I recently replaced my “house” battery, and since those darn things are not cheap I wanted to take good care of it.

In the Camper, there is a “converter” - it’s job is to supply 12 volts to the furnace, power to 12 volt outlets, and to charge the house battery when connected to AC (“shore power”). The stock converter is a Magnatek - a HUGE unit that provides very “dirty” (unregulated) 12 volts, as well as poor performance as a battery charger.

I chose an Progressive Dynamics Intelli-Power model PD 9245C from Best Converter. It has a remote “pendant” for controlling the state of the charger (boost, normal, storage), which is easy to mount on the electrical panel.

You will need some 1/8 inch thick by 3/4 or 1 inch wide aluminum (non-anodized) bar stock, hacksaw, drill, patience, an afternoon, and your favorite libation (for consumption when you are done).

Disconnect your house battery and shore power and shutoff your propane before starting!

To install, you need to remove the back seat, the two plastic shrouds over the furnace ducts and the water fill area, and your furnace (really easy - disconnect propane, unplug electrical, open front cover, remove two screws, slide out) - so you end up with this (sorry, did not take photos of the stuff coming out - this shows the new converter):

new converter

You could do this without removing all this, but it is really nice to have the room, and while you are in there you can replace all your driver side taillights! (use ORIGINAL Honda ones - very good quality! - single filament part # 34903-SF1-A01, dual filament part # 34906-SL0-A01)

Once you have the furnace out, remove the front bracket that the furnace was screwed to - notice that the mounting holes for the furnace are in the front of this bracket - you will need to remember this when you put it back!

Now you have LOTS of room - notice how the Magnatek looks like a piece of WWII surplus gear? If yours is still working, you can use it to create a test power source for your Norcold bench test rig (upcoming project…).

IMPORTANT! All the wiring in the “house” part of your van follows the same color codes as your home - black is HOT, green is ground, etc.

Unscrew the front cover to the Magnatek and undo the 3 wire nuts that connect the Magnatek to your house wiring (umm… guys, wire nuts are NOT for use in vehicles…. jeez….). If you read the panel of the Magnatek, you will see that there are 2 hot and one neutral output - one hot is “filtered” (yeah, in your dreams…) and one is not. The “filtered” lead is the smaller one, and it supplies current to the 12 volt outlet near the fridge.

You will notice that the Intelli-Power has only 2 terminals - you DO NOT connect the “filtered” wire to the Intelli-Power - here is why:

SAFETY NOTE Fuses protect WIRES, not what the wires connect to - a device may (or may not) have internal fuses or other means to protect itself. If you connect a small wire to a large fuse, the wire could heat up from excess current, possibly causing a fire - long before the fuse would fail.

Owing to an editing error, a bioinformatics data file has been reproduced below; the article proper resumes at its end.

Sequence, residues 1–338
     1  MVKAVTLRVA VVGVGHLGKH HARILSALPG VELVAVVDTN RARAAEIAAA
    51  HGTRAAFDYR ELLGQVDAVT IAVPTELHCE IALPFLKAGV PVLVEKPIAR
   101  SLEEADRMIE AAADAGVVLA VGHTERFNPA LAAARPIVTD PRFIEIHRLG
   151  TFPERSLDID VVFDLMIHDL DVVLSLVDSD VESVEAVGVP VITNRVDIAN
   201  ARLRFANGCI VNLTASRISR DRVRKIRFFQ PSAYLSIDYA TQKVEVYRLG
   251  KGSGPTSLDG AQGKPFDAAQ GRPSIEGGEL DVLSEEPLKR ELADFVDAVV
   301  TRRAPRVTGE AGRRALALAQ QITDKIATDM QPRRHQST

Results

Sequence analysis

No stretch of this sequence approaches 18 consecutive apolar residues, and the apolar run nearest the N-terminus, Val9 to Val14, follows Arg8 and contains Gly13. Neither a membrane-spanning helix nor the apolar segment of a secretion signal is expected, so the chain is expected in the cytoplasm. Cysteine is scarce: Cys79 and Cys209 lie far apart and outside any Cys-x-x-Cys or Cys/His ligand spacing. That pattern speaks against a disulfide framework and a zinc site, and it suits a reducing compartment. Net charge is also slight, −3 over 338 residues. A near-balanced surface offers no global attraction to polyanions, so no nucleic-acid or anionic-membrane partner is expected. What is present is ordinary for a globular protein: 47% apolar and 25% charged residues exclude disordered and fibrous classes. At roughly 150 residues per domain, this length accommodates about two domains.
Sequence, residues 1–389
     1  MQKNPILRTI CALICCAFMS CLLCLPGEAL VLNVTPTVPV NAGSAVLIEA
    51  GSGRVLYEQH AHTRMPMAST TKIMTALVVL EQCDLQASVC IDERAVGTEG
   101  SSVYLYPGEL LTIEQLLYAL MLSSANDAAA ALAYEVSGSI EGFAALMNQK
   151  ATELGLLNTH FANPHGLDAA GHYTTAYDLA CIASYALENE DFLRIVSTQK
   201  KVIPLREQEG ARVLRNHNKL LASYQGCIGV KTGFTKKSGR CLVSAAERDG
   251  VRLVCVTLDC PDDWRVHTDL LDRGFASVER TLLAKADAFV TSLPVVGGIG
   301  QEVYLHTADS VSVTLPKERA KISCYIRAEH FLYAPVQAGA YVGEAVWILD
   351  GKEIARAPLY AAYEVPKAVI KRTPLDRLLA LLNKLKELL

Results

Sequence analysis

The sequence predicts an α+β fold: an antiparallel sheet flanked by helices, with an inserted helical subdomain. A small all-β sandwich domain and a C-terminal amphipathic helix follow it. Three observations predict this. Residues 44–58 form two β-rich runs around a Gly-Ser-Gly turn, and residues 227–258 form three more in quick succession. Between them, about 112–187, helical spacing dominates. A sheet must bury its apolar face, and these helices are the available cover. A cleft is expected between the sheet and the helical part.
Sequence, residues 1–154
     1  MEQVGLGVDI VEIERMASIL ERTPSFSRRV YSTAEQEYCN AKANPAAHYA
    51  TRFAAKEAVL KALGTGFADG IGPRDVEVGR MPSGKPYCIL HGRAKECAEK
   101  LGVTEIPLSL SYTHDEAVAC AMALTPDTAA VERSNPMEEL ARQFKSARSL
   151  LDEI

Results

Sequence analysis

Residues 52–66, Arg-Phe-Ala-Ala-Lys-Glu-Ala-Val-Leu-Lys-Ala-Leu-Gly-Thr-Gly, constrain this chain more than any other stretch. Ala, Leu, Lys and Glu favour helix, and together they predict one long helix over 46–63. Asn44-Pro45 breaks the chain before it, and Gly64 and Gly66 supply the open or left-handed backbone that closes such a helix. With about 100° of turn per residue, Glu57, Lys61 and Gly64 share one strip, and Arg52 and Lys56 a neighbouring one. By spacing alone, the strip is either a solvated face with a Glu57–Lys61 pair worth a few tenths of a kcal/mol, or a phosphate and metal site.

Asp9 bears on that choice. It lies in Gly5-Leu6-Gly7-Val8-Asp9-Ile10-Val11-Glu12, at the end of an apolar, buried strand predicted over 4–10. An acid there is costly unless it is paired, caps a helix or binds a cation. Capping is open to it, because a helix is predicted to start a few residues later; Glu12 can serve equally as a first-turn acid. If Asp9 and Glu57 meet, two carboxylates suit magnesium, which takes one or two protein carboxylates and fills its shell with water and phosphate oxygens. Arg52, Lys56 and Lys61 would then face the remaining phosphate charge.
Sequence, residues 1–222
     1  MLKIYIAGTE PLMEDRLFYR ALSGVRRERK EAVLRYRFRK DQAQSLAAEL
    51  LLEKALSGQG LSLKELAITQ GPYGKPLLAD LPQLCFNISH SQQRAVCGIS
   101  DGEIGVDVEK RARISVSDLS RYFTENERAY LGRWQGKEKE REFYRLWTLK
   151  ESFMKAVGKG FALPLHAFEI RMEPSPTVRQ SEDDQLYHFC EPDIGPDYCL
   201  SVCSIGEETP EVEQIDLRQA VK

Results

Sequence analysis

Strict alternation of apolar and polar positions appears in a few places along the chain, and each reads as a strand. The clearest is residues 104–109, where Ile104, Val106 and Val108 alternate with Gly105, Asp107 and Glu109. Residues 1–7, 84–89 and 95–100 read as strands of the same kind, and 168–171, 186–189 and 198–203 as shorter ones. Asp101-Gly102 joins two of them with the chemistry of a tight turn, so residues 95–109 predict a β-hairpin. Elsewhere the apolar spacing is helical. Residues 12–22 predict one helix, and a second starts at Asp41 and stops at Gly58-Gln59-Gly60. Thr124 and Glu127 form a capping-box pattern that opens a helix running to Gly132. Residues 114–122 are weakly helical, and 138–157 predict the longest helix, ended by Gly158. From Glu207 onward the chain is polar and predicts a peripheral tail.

So what you need to do is remove the small “filtered” wire, and extend the aluminum buss that joins all the other 12 volt fuses - like so:

BEFORE: before

AFTER: after

Now you have one hot and one neutral wire - perfect for the Intelli-Power.

Next change - the Magnatek has a right angle plug - the Intelli-Power does not. My solution was to change the mounting position of the house outlet this connects to by drilling two new holes in the mounting back mounting plate (unscrew this to make the job easier) and putting the outlet on the INSIDE of the mounting bracket:

BEFORE: before

AFTER: after

Screw the Intelli-Power to the floor - also, screw in the old screws from the Magnatek to plug the unused holes - TIP: use some silicone around the screws to seal them up and minimize corrosion.

Also, check the tightness of the bolt that holds all the hot wires to the battery (remember, black is HOT when working in the “house” part of your van): bolt

As a side note, on my model of EuroVan, the line to the rear sprayer runs under the converter. We have never used our rear sprayer in almost 10 years, and I don’t like mixing electricity and water, so I removed the rear sprayer “T” connection to make it more tidy back there.

When you connect the wires to the Intelli-Power - do not over tighten the terminals. You also want to wiggle the stranded wires after you think it is tight enough, and tighten again. There is an inch pound torque value listed on the Intelli-Power - you will want to follow that.

Make sure to test this BEFORE you put all the bits and pieces back together - maybe even run it for a few hours while you enjoy your tasty beverage, and put the pieces back on the next day! Check the voltage at one of the 12 volt outlets - it should be 13.6 while plugged into AC (may be up to 14.2 if your battery needs a “boost”), 13.2 for a “float” charge, and 12.8 or thereabouts when unplugged, depending on the condition of your house battery. The remote pendant indicates the “mode” the pendant is in.

Here is some more info on the remote pendant: Progressive Dynamics.

Here is what it looks like with the furnace installed: with furnace

Here is where I mounted the remote pendant (it is the thing with the silly wizard graphic): remote pendant